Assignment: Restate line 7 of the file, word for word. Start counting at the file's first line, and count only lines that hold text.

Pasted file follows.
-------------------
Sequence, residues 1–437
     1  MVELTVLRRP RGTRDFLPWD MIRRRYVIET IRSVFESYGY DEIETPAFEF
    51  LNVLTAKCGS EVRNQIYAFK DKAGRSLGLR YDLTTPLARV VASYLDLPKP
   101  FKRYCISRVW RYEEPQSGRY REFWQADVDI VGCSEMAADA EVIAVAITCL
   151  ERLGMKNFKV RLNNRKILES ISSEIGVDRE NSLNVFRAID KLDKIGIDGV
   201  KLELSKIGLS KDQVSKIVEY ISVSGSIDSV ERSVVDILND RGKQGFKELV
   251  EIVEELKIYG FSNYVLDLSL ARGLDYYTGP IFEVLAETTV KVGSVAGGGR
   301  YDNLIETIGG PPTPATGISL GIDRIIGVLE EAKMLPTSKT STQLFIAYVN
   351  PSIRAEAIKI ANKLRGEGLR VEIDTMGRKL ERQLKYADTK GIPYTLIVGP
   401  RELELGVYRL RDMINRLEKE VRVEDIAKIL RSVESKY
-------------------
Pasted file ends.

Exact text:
   251  EIVEELKIYG FSNYVLDLSL ARGLDYYTGP IFEVLAETTV KVGSVAGGGR